I remember growing up and listening to your music but being really disconnected from what it all meant on a grand scale. There weren’t very many people I felt like I could share my part of that with and had I know more, would have definitely felt less alone.
Yeah and that’s what’s really nice. I didn’t grow up in New York or LA, and my mom is awesome but she read romance novels. It wasn’t like I came from this super sophisticated standpoint. I found out about punk on TV—but that’s the thing that is great about the internet, girls hook up in chat rooms. It’s a great way for people not to feel alone. I really think face to face meetings are really important and finding that one weirdo in your town is really important, even if you don’t have exactly the same musical taste.
I also still believe in the power of a good flyer at a coffee shop. Girls will come up to me at lectures and stuff, and say I want to start my own feminist club or feminist group how do I do it? And I say like go to wherever the cool coffee shop is or wherever people hang out ad just hang flyers up, just do something, anything. It’s not going to be perfect but just start it.
When you were sick and couldn’t make music and became more isolated, did that force you to turn back to your other interests and creative outlets?
Yeah, I actually started writing a TV show called Bridgett Drives the Bus with my husband when I was stuck and sitting on the couch; comedy became very important to me. So I started going to Joe’s Pub in New York and watching a lot of comedy, and this woman Bridgett Evert became very important to me because I felt like when I watched her sing a) she’s a way better technically singer than I am and I really enjoy her voice, b) but I was really able to kind of live through her. I had performed a lot, and it was really great to be able to kick back and watch other people perform. I just wanted to start writing comedy because I needed to make myself laugh.
Did that also fuel moving into The Julie Ruin?
Yeah, I remember just lying in bed having a fantasy band—and I thought this even in Le Tigre even before I was in touch with how very ill I was—like a fantasy basketball team, a fantasy band. And I kept getting sicker and sicker and like the movie, I was like, if I don’t do this now I don’t know if I’ll be able to do it later. And I always had it in my head that I’d like to do another record that was based on the same working process and hopefulness as my solo record in 1997 called Julie Ruin. So I always wanted to revise that project as something fuller; I always like those songs were just sketches of songs and they were never fully realized and I always wanted to fully realize them.
Did bringing in a band help bring those sketches to life?
Yeah and it was great because instead of having to hole up in my apartment—because I was super depressed about my band breaking up or people thinking I was the bitch from Bikini Kill and feeling alienated from my community and all the things that made me depressed in 1997—I holed up in my apartment and I made this record in 2010 or right as the movie was starting to be filmed. And that helped bring me to a place of hope; that helped me because I was like, I don’t care how sick I fucking get, I’m going to finish this record. I have to finish this record. It gave me something to look forward to, to have a well day and be able to sing. What’s funny is, I listen to the record and I don’t think I sound sick. I feel like I heard myself again for the first time in years. “That’s me! That’s me. I’m not just this sick person.” I think they had to take this quote out of the movie, but the Bob Marley quote: One good thing about music, when it hits you, you feel no pain, that was something I thought about all the time in every practice. I would go in so exhausted and just couldn’t do it and I didn’t know if anything was going to come out of my mouth when I started singing, and then I would practice for three hours and just sing and sing and sing and I was like, oh my god.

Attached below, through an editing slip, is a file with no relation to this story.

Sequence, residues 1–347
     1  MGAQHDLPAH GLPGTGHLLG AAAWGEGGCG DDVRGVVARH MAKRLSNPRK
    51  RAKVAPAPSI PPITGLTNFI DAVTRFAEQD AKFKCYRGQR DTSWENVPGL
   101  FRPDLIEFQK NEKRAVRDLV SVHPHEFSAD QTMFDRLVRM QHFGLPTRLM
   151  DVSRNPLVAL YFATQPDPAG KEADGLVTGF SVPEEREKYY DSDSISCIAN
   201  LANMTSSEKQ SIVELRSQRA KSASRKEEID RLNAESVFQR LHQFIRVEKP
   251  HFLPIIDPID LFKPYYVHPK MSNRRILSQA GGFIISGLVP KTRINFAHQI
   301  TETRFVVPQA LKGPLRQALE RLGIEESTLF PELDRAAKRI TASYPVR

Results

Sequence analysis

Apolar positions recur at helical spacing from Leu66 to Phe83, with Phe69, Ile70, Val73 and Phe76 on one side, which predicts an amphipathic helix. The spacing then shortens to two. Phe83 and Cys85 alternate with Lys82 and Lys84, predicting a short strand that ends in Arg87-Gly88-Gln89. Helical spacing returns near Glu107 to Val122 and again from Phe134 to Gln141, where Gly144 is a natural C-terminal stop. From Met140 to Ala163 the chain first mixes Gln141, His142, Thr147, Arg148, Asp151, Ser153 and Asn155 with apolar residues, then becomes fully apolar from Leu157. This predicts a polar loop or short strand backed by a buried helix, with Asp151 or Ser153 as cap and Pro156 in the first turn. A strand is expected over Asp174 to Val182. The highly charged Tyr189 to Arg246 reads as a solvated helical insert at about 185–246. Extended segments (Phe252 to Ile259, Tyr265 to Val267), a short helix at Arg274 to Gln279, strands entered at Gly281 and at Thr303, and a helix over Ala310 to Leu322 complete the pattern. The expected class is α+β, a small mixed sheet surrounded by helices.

Are there any young female musicians that you’re really excited about that you feel are doing something really interesting?
I still love MIA, ever since she came out I’ve been a really big fan. I love Grimes, I like Lorde, Priests from DC, CHVRCHES. And I love Bridget Everett, she’s like my favorite all-time singer right now. I love the performance artist Erin Markey, whose also very much a feminist and Neil Medlyn whose also a feminist and performance artist. I’ve been really into downtown New York performance art and cabaret.
Will you ever do a cabaret show yourself?
When I’m 65. I’m definitely going to do an all-woman off-off-off-off-off Broadway show because my husband told me that’s what he pictured in the future. So I feel like I kind of owe it to him, maybe on his birthday I’ll just come out with my off-off-off-off-off Broadway show.
I think going to concerts started to feel like work to me, so going to see these different kinds of musical expression and performance art was like a breath of fresh air. I moved to New York so it was like, I can get into the comedy scene and the cabaret scene.